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NICE, France (Reuters) - Three months after a man ploughed his truck into crowds on France's national day in Nice, the southern coastal city is trying to recover as it prepares to remember the 86 victims in a national ceremony of remembrance.
Tributes line the sea-front promenade along which Tunisian-born Mohamed Lahouaiej Bouhlel drove a 19-tonne truck, mowing down people watching fireworks on France's July 14 Bastille Day, before police shot him dead.
Curious visitors and grieving locals stop to look at bouquets of flowers, toys and yellowing notes left in memory of the victims.
"We haven't forgotten it. People are less trusting, more nervous and the atmosphere is heavier," said Stephanie Marton, a mother of five who was on the promenade with her children that night. "(It) is not at all like what it was before July 14."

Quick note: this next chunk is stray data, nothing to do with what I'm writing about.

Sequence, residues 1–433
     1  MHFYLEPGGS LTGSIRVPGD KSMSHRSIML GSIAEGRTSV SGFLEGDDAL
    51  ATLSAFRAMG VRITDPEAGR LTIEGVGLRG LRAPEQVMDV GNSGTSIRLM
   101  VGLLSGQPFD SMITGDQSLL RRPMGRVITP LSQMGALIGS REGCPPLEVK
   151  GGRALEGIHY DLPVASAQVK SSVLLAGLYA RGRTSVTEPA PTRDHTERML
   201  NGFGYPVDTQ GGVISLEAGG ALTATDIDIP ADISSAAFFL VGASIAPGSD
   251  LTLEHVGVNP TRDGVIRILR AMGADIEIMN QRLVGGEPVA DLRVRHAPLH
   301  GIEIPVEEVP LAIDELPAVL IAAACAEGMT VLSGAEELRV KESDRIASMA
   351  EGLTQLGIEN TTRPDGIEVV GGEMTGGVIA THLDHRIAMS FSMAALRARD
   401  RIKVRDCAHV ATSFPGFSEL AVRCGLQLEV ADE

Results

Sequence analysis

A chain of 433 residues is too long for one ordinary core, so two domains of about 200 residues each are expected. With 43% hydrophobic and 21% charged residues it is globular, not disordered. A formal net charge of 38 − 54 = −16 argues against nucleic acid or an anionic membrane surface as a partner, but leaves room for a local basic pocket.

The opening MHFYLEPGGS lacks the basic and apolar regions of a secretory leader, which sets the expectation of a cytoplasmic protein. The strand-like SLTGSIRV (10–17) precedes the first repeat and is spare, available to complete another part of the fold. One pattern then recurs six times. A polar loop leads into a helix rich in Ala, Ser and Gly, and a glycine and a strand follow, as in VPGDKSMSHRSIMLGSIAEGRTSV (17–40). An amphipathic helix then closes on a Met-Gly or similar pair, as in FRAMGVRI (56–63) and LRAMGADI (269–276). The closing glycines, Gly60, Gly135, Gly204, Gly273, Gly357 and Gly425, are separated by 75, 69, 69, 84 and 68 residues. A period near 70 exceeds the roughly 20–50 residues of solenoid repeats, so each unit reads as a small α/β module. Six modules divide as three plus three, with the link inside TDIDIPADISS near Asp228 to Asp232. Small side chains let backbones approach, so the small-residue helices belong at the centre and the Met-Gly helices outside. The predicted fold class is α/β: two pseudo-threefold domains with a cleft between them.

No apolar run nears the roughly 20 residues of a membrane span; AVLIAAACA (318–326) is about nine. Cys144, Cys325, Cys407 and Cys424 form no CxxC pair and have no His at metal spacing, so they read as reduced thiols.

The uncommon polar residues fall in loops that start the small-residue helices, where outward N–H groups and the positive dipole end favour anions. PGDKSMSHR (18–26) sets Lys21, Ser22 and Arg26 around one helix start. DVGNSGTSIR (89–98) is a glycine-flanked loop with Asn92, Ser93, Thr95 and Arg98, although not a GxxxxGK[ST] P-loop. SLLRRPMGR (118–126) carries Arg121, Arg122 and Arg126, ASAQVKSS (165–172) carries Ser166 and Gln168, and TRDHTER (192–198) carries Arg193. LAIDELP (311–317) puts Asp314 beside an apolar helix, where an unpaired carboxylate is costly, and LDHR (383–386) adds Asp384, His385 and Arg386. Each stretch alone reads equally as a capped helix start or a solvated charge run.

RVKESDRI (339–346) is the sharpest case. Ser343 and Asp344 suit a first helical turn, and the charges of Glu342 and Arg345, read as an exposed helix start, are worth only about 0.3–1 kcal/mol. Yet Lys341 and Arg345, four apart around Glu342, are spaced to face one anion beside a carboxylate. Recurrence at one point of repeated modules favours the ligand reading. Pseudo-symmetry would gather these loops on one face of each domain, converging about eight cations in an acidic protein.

Marton said the family, who threw themselves onto the ground out of the way of the truck hurtling towards them, still lives in the shadow of the attack.
"Three months later, it's still in their heads and it's still hard for them," she said. "They still have nightmares at night - and I sometimes get them too - and they find it really hard to be near the promenade."
Nice was due to hold a national ceremony of remembrance, led by French President Francois Hollande, on Friday, exactly three months after the attack.
But a statement from his Elysee Palace on Thursday said the event, on a hill overlooking the French Riviera and attended by survivors and victims' families, will now take place on Saturday due to bad weather.
Reporting by Michel Bernouin; Writing by Johnny Cotton and Marie-Louise Gumuchian; Editing by Tom Heneghan